Whether you are a team leader or a corporate director, you are charged with changing things for the better. But first you must define what ‘better' is and communicate this in a compelling and persuasive way for your team.
Michelangelo once spoke of it. Lewis Carroll once wrote about it.
But Moses had to do it.
In fact every manager should be doing it: setting a clear and unambiguous direction to his or her team.
Alice in Management Land
You'll recall that Alice, who was lost in the wood, suddenly sees the Cheshire Cat and asks:
"Would you tell me, please, which way I ought to go from here?"
"That depends a good deal on where you want to get to," said the cat.
"I don't much care where..." said Alice.
"Then it doesn't matter which way you go," said the cat.
We fill our working day with a series of activities: some trivial, some fundamental to our role as a people manager. But where do all of these activities lead us? At the end of a working day, what do they all add up to? If – at the end of a busy month – we look back at the hectic ‘busy-ness' of our work, and yet discover that nothing has fundamentally changed, then what are we there for?
This is why the task of managing people begins and ends with having an overarching goal. Call it ‘vision', call it ‘strategy', the trendy management nomenclature doesn't matter. But we have to have something that we are going to strive towards, and then make sure that all of the activities that we are drawn into – or draw other people into - lead inexorably towards what we want to achieve.
And that's why the Cheshire Cat had it so right. If we don't know where we are going to, how are we going to know we've got there when we get there? Or have we just drifted to some other place..?
All managers (and I'm thinking of every individual with responsibility for people here) have to have a place that they want to take their staff to. A better place than they are in now. But if they don't have that direction, that ‘place', how are they to know if they are going in the right direction?
The David Principle
There is a story – probably apocryphal – that is told about the sculptor Michelangelo. One day, whilst working on the statue of David, somebody asked him how he could fashion such a beautiful object out of a solid, square block of marble that had been standing in a yard – neglected - for over 30 years.
Michelangelo didn't take long in replying: "It's easy, you just knock away the bits that don't look like David."
In that small anecdote is a guiding principle we should all absorb. When we are clear in our own mind about what we want to achieve, and have communicated this to our team, then we must be prepared to ‘chip away' the procedures, practices and behaviours that are not consistent with this aim.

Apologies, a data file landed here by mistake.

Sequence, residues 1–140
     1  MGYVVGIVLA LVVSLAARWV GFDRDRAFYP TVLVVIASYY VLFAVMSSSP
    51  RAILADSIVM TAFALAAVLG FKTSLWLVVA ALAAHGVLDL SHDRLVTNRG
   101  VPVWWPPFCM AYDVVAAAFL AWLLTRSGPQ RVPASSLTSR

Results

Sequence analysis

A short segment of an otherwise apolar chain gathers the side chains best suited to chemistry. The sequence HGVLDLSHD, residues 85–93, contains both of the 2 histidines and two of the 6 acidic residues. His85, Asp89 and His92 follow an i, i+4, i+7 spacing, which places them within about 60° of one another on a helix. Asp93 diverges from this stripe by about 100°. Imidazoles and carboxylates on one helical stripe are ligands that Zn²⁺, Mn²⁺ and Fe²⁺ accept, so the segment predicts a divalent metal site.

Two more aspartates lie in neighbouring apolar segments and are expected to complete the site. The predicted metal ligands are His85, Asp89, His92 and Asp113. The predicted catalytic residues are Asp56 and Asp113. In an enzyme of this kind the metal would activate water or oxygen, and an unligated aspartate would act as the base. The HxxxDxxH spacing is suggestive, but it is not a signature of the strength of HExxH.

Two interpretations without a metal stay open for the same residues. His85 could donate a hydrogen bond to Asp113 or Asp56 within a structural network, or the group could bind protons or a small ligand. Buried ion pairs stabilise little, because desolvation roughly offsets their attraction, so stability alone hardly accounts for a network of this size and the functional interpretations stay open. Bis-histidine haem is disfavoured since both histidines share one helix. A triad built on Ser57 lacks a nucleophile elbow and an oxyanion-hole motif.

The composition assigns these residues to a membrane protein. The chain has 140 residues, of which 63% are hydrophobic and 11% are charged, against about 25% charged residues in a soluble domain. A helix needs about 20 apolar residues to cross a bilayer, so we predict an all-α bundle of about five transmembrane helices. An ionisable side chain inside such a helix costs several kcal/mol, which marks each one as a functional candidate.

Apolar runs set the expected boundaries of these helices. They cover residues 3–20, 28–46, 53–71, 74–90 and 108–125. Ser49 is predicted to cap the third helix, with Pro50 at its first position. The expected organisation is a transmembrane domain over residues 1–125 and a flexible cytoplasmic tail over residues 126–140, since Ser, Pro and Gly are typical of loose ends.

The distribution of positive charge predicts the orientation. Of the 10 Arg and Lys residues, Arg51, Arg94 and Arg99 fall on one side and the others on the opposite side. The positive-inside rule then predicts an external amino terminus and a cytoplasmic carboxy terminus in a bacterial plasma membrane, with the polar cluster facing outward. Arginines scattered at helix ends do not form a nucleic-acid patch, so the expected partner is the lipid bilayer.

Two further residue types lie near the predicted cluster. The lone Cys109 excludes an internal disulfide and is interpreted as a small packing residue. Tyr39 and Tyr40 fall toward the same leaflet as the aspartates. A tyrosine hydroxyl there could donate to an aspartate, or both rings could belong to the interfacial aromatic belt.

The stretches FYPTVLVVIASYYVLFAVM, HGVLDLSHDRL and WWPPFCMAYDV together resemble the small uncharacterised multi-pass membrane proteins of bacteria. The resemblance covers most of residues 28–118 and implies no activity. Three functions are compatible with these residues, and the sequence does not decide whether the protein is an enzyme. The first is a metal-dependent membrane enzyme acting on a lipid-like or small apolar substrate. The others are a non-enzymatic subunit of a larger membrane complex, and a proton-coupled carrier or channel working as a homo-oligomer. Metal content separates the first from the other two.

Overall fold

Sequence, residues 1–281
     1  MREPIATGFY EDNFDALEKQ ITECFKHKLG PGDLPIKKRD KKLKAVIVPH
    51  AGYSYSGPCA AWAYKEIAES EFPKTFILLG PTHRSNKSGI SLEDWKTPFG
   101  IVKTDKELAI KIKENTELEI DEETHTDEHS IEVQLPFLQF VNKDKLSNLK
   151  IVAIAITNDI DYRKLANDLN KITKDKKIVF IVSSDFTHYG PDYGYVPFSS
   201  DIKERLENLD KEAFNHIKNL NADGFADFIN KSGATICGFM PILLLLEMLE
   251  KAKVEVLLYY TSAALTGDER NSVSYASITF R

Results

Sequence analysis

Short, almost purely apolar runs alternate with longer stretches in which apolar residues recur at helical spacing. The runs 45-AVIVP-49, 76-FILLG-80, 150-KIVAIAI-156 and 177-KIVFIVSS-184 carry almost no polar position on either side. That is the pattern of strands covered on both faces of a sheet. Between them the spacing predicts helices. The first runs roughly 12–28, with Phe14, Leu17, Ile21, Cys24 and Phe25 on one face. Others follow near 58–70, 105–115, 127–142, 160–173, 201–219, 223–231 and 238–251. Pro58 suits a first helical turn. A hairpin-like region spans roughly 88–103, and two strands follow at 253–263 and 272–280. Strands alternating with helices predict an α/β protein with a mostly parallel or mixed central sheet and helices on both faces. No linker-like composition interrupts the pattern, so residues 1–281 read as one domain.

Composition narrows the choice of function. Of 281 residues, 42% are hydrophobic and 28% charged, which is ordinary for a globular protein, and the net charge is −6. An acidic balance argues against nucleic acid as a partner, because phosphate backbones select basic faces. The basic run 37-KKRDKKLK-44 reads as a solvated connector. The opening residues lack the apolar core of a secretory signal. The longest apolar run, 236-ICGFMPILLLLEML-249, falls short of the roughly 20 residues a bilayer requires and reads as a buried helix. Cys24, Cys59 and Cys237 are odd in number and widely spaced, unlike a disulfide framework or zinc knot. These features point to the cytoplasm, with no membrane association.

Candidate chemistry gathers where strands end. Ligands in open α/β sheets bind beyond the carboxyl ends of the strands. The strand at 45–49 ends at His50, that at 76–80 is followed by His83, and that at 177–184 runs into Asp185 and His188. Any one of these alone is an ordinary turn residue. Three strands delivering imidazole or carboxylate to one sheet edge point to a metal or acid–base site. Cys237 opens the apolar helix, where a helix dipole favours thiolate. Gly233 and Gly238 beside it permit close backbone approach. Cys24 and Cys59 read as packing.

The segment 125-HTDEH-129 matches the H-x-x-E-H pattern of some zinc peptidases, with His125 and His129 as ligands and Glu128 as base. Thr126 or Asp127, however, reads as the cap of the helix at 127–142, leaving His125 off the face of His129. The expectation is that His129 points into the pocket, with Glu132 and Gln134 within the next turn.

Don't we have to Compromise our Management Ideals?
Many years ago the great management thinker, Peter Drucker, likened the communication of a manager's strategic goals as a ‘clarion call' to the team that sounds above the chaos of a frantic working environment. He defined three principles of Leadership, asserting that they:
- Set and communicate a vision to which they and their team aspire
- May compromise on the approach to their vision but they never compromise the vision itself
- Involve and energise their staff towards the achievement of the vision
The second point is crucial: some things we have to compromise; others we never compromise.
Towards a Promised Land
But Moses had to put all of these fine principles into action. Once he had told people of a ‘Promised Land' he had the unenviable task of then taking them to it. He spoke clearly about what they must do; he suffered setbacks and hardships on a journey that challenged him constantly; he changed – compromised even – much of his approach. But he delivered his promise.
We have to do the same. We have to decide a given place to take people, describe that place and then walk – or work – with them determinedly towards it.
Two Crucial Questions
We are convinced that – whatever your job title is – your job description must demand that you continually ask yourself the following two questions:
Question 1: Where is my team now?
Question 2: Where does my team need to be?
You're right. It's not rocket science. Yet it is fundamental to making sure that what we do – and what our team does - has purpose and worth.
And wouldn't it be nice to know that, when you have moved on, those who remember you smile fondly when they recall your time there?
A smile strangely similar to that of a certain Cheshire Cat?